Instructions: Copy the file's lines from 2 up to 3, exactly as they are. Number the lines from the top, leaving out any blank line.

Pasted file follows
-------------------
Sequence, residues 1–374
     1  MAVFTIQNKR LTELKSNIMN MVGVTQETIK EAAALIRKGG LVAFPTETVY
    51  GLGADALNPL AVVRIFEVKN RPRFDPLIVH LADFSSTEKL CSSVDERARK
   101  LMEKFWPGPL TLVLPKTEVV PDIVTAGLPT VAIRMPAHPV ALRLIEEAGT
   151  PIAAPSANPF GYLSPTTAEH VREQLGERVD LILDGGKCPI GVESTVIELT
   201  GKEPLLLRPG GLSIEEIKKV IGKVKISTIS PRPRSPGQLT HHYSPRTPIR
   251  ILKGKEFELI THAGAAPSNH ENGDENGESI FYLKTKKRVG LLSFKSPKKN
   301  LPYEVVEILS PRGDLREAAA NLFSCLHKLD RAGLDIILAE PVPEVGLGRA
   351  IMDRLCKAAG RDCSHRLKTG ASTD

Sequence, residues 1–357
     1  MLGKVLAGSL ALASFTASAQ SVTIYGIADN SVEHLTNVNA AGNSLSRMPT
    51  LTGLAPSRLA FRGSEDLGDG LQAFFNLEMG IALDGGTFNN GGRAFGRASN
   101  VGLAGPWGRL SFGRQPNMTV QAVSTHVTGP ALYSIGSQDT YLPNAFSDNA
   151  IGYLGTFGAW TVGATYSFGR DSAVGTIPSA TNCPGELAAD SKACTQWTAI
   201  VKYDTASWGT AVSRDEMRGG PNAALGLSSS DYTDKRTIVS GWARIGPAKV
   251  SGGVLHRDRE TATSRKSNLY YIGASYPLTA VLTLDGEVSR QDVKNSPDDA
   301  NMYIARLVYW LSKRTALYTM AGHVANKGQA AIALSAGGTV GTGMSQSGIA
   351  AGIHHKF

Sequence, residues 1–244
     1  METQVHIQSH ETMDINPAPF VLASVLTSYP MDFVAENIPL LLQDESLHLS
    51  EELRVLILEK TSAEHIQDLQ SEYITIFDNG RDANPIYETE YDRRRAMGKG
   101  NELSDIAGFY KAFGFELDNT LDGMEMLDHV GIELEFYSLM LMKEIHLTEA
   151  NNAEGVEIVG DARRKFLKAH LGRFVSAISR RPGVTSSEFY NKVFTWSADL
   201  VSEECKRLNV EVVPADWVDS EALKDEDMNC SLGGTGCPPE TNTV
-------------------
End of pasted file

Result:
     1  MAVFTIQNKR LTELKSNIMN MVGVTQETIK EAAALIRKGG LVAFPTETVY
    51  GLGADALNPL AVVRIFEVKN RPRFDPLIVH LADFSSTEKL CSSVDERARK